I really enjoy reading memoirs that are written as graphic novels. That added visual feature is such a great way to develop an instant picture of the time, place and feel being described, the details and character expressions conveying more than words sometimes do.
Munnu is the third and probably last book I will be reading on the Kashmir issue, at least this year. But it marks a perfect conclusion to my attempt at trying to understand the human side of the Kashmir situation more deeply. The book is a semi-autographical coming-of-age story of a young boy growing up in Kashmir through the peak of the armed conflict. What I found very interesting was that the author depicts all Kashmiris as the Hangul Deer, or the Kashmir Red Stag, which is now an endangered species, due to the destruction of most of their habitat and poaching, and everyone else is shown as human. It is a clever metaphor and the symbolism is completely on point.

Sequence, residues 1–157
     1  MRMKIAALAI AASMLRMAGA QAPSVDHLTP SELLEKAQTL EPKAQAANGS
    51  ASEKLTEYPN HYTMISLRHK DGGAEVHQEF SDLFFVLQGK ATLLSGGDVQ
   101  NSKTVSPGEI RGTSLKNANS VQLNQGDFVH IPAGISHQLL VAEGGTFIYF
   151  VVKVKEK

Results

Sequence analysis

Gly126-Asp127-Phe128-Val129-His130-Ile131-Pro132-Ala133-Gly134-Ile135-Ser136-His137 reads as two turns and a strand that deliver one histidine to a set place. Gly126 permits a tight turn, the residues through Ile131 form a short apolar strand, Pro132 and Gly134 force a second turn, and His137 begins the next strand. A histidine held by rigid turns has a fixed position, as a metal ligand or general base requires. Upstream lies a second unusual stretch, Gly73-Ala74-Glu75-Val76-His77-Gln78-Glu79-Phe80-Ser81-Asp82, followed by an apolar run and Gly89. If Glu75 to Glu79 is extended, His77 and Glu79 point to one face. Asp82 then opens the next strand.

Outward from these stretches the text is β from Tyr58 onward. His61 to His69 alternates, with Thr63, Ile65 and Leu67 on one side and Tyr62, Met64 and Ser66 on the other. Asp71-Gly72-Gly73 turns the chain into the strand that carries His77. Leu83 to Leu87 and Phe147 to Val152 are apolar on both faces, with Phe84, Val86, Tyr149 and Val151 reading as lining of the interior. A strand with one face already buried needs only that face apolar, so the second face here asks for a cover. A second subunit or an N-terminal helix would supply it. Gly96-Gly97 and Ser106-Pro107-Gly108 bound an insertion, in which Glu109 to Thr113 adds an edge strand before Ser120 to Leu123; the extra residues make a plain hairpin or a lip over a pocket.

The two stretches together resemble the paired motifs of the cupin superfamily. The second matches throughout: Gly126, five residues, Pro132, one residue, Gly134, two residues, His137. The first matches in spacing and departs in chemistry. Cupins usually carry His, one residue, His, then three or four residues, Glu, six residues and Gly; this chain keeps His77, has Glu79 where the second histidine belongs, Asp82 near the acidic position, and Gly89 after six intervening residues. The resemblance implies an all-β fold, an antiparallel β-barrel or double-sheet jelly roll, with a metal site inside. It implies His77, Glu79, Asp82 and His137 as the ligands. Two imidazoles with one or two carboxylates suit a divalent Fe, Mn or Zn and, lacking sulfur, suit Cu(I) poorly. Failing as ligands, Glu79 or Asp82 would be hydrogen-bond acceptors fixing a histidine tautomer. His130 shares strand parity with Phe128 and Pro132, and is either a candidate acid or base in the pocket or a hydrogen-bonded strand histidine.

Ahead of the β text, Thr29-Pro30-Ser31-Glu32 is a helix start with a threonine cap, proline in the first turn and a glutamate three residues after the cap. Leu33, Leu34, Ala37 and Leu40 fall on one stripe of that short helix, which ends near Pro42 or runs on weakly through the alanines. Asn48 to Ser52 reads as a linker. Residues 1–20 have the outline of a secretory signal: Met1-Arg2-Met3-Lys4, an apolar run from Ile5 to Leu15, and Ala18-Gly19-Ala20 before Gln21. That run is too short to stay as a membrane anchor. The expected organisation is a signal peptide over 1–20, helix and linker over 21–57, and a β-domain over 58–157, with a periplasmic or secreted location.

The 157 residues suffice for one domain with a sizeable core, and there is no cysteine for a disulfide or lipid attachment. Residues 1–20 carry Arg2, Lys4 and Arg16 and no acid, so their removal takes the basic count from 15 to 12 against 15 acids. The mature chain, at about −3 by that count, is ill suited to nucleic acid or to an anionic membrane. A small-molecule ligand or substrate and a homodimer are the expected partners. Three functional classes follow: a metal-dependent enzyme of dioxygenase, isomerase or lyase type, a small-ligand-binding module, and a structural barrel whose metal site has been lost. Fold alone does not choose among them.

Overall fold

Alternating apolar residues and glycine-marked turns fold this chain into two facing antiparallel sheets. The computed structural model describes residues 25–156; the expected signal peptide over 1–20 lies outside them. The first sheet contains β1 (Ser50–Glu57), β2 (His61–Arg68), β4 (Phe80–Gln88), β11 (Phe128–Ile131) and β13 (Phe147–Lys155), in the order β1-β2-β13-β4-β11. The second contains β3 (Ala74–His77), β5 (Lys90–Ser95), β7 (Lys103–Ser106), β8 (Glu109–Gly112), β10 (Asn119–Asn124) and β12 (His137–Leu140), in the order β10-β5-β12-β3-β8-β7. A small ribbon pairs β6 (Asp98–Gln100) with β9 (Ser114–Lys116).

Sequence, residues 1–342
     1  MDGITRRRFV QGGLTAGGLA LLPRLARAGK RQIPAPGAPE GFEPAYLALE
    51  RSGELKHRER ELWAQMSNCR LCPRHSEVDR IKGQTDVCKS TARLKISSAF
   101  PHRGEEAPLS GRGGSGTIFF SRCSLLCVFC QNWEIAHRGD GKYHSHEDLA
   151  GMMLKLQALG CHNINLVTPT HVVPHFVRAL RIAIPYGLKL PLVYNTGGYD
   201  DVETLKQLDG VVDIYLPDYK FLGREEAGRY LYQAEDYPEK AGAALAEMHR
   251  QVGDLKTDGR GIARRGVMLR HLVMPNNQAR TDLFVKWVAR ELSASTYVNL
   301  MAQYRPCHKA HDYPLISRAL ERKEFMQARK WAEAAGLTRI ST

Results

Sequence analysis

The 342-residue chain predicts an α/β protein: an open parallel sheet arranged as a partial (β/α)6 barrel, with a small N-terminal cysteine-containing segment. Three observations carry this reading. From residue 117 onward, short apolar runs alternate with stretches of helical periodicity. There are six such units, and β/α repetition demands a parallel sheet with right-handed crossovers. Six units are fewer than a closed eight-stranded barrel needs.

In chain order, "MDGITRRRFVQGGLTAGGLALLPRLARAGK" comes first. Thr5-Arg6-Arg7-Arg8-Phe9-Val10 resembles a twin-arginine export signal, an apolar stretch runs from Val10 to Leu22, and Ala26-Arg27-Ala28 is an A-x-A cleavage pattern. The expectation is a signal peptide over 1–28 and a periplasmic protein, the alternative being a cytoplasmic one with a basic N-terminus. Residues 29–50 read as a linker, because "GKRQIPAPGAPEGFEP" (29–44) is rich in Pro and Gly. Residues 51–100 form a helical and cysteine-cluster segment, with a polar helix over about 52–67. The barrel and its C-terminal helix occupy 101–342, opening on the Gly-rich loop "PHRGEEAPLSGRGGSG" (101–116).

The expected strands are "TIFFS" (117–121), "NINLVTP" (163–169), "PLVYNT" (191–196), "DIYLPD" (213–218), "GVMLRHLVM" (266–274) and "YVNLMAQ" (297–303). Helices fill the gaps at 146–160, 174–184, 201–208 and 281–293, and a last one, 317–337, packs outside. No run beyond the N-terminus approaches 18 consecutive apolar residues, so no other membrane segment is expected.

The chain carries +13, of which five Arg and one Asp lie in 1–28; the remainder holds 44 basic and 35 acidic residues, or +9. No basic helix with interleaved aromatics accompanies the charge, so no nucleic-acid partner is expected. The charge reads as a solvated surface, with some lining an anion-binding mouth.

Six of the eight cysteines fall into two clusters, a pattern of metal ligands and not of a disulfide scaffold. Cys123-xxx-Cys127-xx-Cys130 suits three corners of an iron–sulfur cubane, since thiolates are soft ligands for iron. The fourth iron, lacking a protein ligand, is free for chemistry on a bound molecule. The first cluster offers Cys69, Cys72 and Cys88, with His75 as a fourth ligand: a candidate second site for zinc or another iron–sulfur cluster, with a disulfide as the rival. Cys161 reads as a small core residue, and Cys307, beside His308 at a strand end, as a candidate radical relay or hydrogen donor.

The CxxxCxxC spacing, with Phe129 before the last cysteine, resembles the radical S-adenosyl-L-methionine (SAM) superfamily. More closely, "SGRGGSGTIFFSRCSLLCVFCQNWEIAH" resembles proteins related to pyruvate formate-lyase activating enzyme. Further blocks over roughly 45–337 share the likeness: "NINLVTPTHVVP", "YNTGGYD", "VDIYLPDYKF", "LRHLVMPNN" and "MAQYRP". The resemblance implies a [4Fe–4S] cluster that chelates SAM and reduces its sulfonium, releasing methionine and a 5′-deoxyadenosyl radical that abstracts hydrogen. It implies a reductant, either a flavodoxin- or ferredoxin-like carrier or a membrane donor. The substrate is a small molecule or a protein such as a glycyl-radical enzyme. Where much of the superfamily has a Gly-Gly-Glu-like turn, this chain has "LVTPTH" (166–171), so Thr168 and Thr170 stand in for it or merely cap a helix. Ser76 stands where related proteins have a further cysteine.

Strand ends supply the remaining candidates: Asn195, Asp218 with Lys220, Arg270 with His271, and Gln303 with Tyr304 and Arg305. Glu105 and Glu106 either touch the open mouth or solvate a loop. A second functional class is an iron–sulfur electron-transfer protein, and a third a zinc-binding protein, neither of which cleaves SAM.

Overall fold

The chapters covering Munnu’s younger years were the most enjoyable, which is nearly half the book, with some really sweet laugh out loud moments interspersed in the tense lives of the artisan family. These two pages in the picture below are probably my favourite. Its a hilariously innocent conversation between Munnu and his older classmate after they see two dogs mating.
But there is no shying away from death, loss and tragedy and how it affected the psyche of parents or gave young children episodes of PTSD. As Munnu grows up and becomes an adult, innocence is lost and “life” takes over, which is essentially a day to day struggle to remain out of trouble while navigating through numerous check posts and curfews. And that is where the story loses its charm… and why I couldn’t rate it a full 5.
A must read for sure.